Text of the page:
Meanwhile in Australia

We were all so sane and calm and efficient until now. An exemplary people doing amazing things in a terribly trying time.

My friend Conor, who visited his parents for Christmas and spent the early part of the year defending his parents’ home against fire, told me what he did. The usual things. Putting out embers. Keeping the verandas wet because if it went the whole house would go. Making food last the distance when the town was cut off (it did -barely). Going to his car for power to charge his phone so he could tell us he was OK.

Much of the time he read. He needed to escape and he had wanted a complete reading of the Wheel of Time series, and he had a lot of time with power down and the fire within a stone’s throw. If it had come to the worst, he would have gone to the beach to survive, but it didn’t come to the worst and he finished his reading.

That was the impossible for he spent several weeks cut off from the rest of Australia, with power going on and off and limited food and constant attention to keep embers from destroying his parent’s home. The fire was within a stone’s throw for over a week. He could see it out the window.

He’s fine. We watched much US superhero TV together to celebrate his return.

This made me look around, for not everyone is handling things so calmly.

Now that the impossible has become the everyday, we’re feeling it. We’re also reacting to it in a range of ways. Some people are still exemplary. These are the people I want to be in my next life. Good in crisis and even better when the crisis refuses to go away.

This is when your Australian friends need something small in their email or even in the post to make them smile, especially if they live in regions that have been affected by the months of everything going so disastrously wrong. It’s when you can help save small business in affected areas by buying something of theirs. One of my novels has been delayed by all this and the bushfires have created a series of increasingly worrying problems for most small press in these regions. In my case, something simple would help: apparently pre-orders would make a difference, so let me give you a link…. Only buy it if it’s your sort of book and I’m a writer you enjoy. There are other businesses at risk and other books you can buy. I think this goes for any help you want to give. Crises like this may be in the world’s long term, so pity and sacrifice look great, but don’t solve things. Find something you will treasure and help us by buying it. Forge links and memories. Turn something bad into something worth cherishing.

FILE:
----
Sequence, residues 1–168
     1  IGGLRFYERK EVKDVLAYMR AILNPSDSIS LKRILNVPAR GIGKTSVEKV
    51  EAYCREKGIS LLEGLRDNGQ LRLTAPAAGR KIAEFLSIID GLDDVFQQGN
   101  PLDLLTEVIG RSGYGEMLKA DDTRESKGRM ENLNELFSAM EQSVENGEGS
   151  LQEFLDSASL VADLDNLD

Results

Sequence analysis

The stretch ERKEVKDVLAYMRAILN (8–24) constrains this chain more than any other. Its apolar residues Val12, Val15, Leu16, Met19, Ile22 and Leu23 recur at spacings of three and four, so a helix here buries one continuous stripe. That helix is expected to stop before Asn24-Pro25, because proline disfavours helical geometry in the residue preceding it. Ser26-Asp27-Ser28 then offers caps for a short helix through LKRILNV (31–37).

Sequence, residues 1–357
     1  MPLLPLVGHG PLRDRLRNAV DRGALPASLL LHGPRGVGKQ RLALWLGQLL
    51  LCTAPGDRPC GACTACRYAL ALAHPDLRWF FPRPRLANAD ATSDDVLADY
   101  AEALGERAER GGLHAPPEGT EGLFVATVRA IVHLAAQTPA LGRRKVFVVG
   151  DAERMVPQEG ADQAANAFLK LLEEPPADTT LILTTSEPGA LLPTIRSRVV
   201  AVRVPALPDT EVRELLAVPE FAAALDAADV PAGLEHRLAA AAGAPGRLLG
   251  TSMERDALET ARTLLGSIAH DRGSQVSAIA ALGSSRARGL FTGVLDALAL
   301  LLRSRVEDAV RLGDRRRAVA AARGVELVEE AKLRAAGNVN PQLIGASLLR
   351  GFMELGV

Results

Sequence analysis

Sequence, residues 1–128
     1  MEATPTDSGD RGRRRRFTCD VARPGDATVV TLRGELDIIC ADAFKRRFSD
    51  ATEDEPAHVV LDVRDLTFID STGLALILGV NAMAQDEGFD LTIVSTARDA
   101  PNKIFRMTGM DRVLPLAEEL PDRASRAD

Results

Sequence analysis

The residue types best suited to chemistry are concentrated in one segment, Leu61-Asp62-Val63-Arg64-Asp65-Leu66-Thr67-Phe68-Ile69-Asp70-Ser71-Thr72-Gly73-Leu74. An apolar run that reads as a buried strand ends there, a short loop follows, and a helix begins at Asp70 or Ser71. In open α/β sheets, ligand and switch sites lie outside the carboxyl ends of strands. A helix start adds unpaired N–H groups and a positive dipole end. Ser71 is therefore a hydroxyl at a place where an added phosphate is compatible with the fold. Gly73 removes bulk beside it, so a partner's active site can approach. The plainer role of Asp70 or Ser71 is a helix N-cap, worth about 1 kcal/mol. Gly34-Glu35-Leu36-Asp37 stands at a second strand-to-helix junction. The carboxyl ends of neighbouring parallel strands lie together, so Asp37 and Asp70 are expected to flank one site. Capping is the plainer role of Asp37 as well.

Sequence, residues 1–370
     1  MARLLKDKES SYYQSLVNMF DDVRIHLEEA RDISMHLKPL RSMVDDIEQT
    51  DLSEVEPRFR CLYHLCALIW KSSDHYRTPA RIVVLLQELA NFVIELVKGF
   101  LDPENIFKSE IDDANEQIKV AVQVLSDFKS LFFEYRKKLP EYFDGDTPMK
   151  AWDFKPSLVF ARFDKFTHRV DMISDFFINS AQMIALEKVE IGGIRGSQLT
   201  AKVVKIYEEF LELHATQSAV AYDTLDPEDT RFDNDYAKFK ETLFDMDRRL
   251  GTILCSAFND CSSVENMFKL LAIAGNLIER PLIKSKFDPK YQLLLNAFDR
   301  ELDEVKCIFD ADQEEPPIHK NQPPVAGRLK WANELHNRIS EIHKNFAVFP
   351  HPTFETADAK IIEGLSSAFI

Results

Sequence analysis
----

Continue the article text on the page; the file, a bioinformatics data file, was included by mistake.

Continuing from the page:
What I’m noticing now is that even people renowned for their patience are sharp and even people who are careful with things become a bit careless. The new fires every day are on top of helping those who have lost so much, or being sick due to smoke, or having lost summer holidays to sitting.. waiting… What happens when the children simply want to go into the yard and play but can’t even open a window? When the temperatures soar and heat the house during the day and outside is so full of smoke that it can’t be cooled overnight? Little things can fray tempers where the big things are handled with aplomb.

Until now, fires have been in my region, destroying the lives of my friends. Now they are closer to home. There are two fires in the Australian Capital Territory and they’re both in the Namadgi National Park. The one that flared up just this afternoon is in the Orroral Valley. I went there some weeks ago. Because it’s historically very important. This whole region is historically fascinating, but I have a special soft spot for that valley and for Honeysuckle Creek and for the paintings at the foot of Yankee Hat. The first two were critical for our work with NASA in the 1960s and 1970s and, indeed, Honeysuckle Creek is where the broadcasts from the Moon reached Earth. Those paintings predate European arrival here by hundreds of years and are beautiful.